A Day in the Life…

Snaps from the World of Wine in Piemonte

How many times have you heard saying that story telling is one of the most effective marketing strategies for the wine producers? The key is communicating a wine along with the territory and the environment in which it is born, emphasizing the human component behind every label. The October’s theme of the #BlogPiemonte group is “A Day in the Life…” and Uncorkventional has decided to let the wine speak for itself, to discover what it is like to spend some time in its shoes.

… of an Alta Langa

Bubbles, bubbles everywhere! You still can’t see us, but we’re here! We’re preparing ourselves for the great moment in which you will finally uncork the bottle and light your party up! It’s not that comfortable though, we’re starting to feel… a little under pressure. 6 bars it’s no joke – ask the one who got a cork in his eye last year at Christmas Eve… Anyway, I understand bubbles are cheerful, fizzy and sooooo pretty to watch, but that’s not the only point in a sparkling wine. Alta Langa is a traditional method and to reach it’s incredible complexity of aromas and flavors, it has to spend at least 30 months in the bottle on its lees. I know, it sounds creepy – a lot of dead yeasts hanging around – but you know, they’re quite inoffensive and do the wine a great deal of good! Where do you think that wonderful biscuity and nutty notes come from? It’s the autolysis: if the yeasts ferment the sugar into ethanol, their ‘corpses’ break down into proteins and polysaccharides, releasing savoury components that will confer a creamier texture and a stronger backbone to the wine. You see? Nobody’s useless. But before releasing the wine, the lees will be removed. We want it to be crystal-like. The bottle will be opened for the first time after such a long period. For us bubbles it’s the official rehearsal before the real party – your party! And after this moment, the sooner the better! How could you think we would want to stay here any longer after this wonderful experience of freedom? We want to move up and dissolve into the air, so don’t keep your bottle for too long or we will have to find another way to escape…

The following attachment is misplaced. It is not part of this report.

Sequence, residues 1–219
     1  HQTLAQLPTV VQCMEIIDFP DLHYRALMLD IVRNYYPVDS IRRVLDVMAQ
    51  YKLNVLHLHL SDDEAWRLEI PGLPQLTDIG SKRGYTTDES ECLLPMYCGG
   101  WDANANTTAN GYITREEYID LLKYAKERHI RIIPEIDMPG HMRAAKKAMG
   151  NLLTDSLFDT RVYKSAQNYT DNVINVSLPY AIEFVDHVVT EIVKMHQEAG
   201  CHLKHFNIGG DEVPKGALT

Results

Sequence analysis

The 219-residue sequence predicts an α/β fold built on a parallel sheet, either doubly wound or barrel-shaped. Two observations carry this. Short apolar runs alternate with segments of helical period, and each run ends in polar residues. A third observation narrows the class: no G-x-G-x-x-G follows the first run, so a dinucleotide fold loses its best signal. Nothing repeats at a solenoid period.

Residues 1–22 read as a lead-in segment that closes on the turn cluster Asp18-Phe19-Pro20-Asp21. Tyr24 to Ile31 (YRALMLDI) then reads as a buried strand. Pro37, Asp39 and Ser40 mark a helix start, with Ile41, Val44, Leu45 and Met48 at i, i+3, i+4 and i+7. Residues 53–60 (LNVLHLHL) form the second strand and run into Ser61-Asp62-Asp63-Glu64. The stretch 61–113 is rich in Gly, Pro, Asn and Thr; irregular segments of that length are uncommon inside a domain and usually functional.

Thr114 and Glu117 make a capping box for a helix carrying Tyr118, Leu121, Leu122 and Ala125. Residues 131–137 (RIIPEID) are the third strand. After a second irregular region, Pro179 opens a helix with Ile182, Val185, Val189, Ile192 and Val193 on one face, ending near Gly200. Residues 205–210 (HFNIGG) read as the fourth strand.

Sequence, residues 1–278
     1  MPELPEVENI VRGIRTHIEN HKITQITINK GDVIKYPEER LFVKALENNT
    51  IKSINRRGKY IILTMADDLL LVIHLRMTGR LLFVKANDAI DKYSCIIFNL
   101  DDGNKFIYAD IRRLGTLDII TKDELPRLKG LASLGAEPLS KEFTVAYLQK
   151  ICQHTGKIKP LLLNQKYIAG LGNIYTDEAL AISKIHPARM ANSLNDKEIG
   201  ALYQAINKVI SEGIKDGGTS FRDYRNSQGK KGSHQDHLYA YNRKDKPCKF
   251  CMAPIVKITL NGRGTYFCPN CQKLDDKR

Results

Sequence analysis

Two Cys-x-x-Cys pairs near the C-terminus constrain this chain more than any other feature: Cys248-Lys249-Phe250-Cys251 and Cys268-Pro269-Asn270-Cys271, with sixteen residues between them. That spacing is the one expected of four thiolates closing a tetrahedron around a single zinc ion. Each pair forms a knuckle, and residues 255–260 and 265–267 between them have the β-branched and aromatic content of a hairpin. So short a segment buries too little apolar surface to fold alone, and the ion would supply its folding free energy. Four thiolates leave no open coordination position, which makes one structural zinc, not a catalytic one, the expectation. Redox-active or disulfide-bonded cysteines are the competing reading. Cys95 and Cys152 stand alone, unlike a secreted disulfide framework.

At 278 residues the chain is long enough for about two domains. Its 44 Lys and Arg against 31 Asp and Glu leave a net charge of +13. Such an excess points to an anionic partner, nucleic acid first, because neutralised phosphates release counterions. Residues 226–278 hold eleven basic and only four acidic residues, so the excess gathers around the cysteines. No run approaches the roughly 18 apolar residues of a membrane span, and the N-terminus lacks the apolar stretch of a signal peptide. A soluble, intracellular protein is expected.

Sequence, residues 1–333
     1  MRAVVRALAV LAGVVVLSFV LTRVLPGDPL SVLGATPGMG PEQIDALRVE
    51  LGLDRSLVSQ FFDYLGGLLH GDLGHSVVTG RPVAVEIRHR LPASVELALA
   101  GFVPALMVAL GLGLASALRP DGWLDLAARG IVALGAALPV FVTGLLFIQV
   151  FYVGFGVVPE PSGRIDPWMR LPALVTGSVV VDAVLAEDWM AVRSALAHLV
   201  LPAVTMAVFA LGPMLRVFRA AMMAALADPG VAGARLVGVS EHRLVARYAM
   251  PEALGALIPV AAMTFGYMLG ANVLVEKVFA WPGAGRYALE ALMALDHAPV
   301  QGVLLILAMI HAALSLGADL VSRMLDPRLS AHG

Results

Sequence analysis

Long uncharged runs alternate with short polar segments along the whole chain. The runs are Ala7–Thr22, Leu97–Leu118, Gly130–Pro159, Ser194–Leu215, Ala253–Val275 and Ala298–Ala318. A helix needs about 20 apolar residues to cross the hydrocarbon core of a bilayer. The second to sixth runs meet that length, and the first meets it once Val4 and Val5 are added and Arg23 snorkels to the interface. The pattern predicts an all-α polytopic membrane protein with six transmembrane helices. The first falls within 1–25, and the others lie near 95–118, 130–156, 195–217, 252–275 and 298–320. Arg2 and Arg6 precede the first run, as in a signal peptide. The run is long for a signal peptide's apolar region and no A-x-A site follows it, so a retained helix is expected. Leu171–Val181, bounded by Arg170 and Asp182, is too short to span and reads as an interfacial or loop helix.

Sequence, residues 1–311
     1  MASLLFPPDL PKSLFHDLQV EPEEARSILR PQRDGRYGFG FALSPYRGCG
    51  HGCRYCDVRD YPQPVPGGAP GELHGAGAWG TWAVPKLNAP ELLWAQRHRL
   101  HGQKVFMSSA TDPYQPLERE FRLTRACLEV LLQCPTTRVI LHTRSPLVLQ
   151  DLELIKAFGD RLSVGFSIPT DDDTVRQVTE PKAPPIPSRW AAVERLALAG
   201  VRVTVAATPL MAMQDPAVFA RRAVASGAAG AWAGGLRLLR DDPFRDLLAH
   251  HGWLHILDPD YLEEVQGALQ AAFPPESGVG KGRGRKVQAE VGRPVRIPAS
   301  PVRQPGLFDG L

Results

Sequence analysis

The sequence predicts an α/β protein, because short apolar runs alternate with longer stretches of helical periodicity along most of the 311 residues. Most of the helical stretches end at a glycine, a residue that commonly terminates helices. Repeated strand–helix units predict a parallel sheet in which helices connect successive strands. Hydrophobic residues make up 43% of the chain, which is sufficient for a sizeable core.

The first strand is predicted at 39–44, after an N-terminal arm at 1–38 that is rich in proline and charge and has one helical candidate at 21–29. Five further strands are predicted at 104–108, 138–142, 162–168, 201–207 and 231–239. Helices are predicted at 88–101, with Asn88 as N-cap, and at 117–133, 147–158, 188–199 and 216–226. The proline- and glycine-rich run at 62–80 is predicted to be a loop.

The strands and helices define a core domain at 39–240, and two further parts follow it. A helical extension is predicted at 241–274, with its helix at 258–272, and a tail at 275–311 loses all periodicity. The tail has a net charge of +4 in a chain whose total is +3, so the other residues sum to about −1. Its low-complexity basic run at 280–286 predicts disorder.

… of an Uvalino

Oh, you’re talking about wine! A great wine. Wait… who? ME?! Oh… well… I’m honoured, from time to time someone does remember about me… My name had been lost in time for so long, far are the days when I was considered a luxury item, almost a status symbol. Today I’m back, but only for the most attentive wine lovers. How do I spend my day? Well, you see, I’m a late-ripening variety, therefore I’m very tired when I’m finally harvested. They keep me resting for some time, to dry up. I’m as tough as nails, and Botrytis can’t affect me. Then, the usual things… gentle pressing… fermentation… pumping over, but in the end I’m still so tired… MLF and maturation happen in old beautiful oak casks and then I spend one more year in the bottle, to recover. Why I need all this energy? But it’s for you! For your health! I’ve always been famous for my health benefits: antocians, resveratrol, polyphenols, I’m so rich that even my aromatic profile is unique! But I need to rest so that I can give my best to you… Why this name? Uvalino comes from ‘uvarino’, an ameliorative of ‘uvario’, which in the late 1800s indicated a blend of wines from lesser vines. Instead, the uvalino was a finer, respected wine. Now you know I’m out there, we have to meet. Cheers!

… of a Passito di Stevi

Time to get fit again! A few weeks in the fruttaio and all the additional water will evaporate and we will be nice and shrivelled as never before! Water retention is useless for a passito: it’s not about quantity but about sweetness. We should contain such a high amount of sugar that our dear old friends Saccharomyces should be barely able to start a ferment. How funny to see them struggle! But they are clever guys and in the end they manage up to 12-13% abv. We’re not like the German botrytized wines – and we don’t want to be too luscious either. But we still need to concentrate the sugars while retaining the acids, otherwise we will be flabby and sticky. Not a great pleasure… To do this we need to rest in a warm and dry place and let the water evaporate. You see? We start to dry up already! In a month’s time we will be fit and ready for a gentle pressing! How sweet– I can’t wait for that!

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Discover the Day in the Life of the other #BlogPiemonte members!
(The list is being progressively updated)

Why I’m always SO tired (my day in 8 minutes) by A Texas Mom in Torino
Sloooooow down by Wine and Truffles
A Morning at the Markets by Turin Mamma
A Day in the Life of a Winemaker in Piemonte…After the Harvest by The Entire Pizza
Where is a Line not a Line? In Italy, by Once Upon a Time in Italy


Photo License by Megan Cole

Elisa Pesce

Elisa Pesce

Esperto assaggiatore ONAV, assaggiatore ONAF, WSET Advanced in Wines & Spirits nonché tecnico di marketing per l'enoturismo. Dato che la vita è una sola, preferisco sia il più incasinata possibile: il vino è l'unico modo per mantenere l'equilibrio. Vistita il mio Blog o scrivimi una mail

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